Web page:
The sight of flashing lights in the rearview mirror can initially be met with anything from annoyance and frustration to shock and even resignation from those motorists unfortunate enough to have done something to catch the attention of law enforcement officials.
Yet no matter this initial reaction, most people will ultimately end up feeling unnerved during a traffic stop regardless of the circumstances. While this is certainly understandable, it’s important to remember that you don’t have to be anxious, as you have clearly defined rights under the U.S. Constitution.
What are some of these constitutional rights as they relate to traffic stops?
Firstly, people should understand that the right to remain silent doesn’t just cover formal arrests, but also applies to temporary detentions like traffic stops.
This doesn’t mean that you can refuse to speak any words to the officer who pulled you over. Indeed, you must provide them with your license, registration and proof of insurance if asked. Furthermore, applicable state law might also dictate that you must answer certain questions designed to uncover more about your identity (name, address, etc.).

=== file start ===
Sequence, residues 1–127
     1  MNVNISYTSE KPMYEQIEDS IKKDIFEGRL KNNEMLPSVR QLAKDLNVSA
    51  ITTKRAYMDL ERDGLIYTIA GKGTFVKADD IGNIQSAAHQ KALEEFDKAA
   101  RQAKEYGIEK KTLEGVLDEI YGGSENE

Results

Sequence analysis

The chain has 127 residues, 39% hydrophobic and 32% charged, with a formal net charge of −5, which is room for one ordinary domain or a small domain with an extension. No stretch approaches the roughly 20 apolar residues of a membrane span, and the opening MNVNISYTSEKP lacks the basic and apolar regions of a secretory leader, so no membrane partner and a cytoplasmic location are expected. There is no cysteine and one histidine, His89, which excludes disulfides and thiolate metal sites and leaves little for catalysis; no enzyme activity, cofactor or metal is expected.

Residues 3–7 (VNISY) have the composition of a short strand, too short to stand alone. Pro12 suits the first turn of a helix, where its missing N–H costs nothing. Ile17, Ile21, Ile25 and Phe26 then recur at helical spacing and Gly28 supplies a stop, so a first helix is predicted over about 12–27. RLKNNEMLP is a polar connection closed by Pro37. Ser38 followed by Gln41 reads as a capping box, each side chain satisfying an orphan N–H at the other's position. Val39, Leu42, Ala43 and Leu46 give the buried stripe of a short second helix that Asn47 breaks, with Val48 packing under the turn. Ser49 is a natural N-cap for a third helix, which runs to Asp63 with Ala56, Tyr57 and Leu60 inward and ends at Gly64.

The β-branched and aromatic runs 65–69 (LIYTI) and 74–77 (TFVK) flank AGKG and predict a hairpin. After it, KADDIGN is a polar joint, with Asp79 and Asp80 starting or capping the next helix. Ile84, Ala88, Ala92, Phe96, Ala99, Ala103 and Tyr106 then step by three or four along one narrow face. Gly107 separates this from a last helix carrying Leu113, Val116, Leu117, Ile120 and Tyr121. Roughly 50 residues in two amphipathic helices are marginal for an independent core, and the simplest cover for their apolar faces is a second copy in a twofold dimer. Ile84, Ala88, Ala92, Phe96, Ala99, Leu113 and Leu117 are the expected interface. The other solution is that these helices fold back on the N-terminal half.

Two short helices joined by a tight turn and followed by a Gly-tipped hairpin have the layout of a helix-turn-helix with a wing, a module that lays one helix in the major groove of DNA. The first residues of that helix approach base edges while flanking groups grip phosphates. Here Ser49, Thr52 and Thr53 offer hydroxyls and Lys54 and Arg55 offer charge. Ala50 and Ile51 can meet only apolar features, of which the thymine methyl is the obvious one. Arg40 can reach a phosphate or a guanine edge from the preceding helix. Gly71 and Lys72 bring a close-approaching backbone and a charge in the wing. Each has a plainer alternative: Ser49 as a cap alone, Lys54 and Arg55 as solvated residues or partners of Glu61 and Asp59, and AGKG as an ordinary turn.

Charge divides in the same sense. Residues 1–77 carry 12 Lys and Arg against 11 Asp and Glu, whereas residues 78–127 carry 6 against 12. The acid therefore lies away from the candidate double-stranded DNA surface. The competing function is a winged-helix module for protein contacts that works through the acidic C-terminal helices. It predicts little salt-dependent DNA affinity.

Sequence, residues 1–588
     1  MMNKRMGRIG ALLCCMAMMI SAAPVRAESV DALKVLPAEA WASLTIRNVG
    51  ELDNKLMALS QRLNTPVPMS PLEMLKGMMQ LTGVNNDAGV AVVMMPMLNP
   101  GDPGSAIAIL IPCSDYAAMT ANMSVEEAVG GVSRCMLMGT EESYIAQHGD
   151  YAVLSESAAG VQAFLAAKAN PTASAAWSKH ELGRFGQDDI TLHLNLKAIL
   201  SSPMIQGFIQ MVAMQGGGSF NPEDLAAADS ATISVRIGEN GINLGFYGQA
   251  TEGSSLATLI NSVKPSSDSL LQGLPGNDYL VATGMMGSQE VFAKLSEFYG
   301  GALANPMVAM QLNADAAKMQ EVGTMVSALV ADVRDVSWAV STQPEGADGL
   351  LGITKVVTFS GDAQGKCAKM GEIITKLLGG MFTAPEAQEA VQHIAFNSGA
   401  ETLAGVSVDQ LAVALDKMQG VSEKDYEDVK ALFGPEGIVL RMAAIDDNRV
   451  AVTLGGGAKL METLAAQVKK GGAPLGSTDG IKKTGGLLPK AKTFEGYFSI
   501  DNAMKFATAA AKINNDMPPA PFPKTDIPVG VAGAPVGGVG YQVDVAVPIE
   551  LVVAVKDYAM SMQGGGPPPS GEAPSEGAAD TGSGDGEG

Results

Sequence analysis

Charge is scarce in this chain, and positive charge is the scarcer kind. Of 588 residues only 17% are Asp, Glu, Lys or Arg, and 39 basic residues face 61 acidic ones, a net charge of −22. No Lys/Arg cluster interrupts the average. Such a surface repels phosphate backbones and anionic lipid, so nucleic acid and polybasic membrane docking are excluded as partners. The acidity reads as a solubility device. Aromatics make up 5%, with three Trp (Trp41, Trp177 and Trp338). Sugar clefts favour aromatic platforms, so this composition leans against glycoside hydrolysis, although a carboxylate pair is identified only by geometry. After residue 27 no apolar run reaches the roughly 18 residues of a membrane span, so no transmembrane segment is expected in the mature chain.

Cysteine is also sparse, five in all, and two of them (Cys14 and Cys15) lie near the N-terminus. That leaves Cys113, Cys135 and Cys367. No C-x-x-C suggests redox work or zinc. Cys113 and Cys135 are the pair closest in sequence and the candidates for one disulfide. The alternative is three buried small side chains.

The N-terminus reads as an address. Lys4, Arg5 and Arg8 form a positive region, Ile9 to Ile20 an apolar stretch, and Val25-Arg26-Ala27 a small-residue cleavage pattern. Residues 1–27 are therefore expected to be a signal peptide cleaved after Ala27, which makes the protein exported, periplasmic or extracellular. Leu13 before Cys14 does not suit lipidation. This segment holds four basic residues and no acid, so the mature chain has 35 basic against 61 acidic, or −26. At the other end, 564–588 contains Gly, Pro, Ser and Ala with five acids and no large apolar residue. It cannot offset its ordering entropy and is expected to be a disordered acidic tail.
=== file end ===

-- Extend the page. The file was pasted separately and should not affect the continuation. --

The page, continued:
When asked anything outside of this ambit, however, legal experts indicate that you have the right to decline to answer.
What about the right to search me or my vehicle?
Legal experts indicate that it is your right to decline any casual requests by officers to “look around your car a bit” or even submit to a brief pat down. This is all predicated, of course, on you not being placed under arrest or the police not having probable cause to conduct a search.
In either of these scenarios, law enforcement can conduct constitutionally permissible searches.
What about my right to an attorney?
The right to an attorney is not applicable during a routine traffic stop or any other type of temporary detention by law enforcement. However, in the event they take you into custody for a prolonged period, legal experts indicate that they will either have to let you go or arrest you. When the latter occurs, then the right to an attorney applies.
Whether you are under investigation or have been arrested for any sort of felony, consider speaking with an experienced legal professional as soon as possible to ensure the protection of your rights and your future.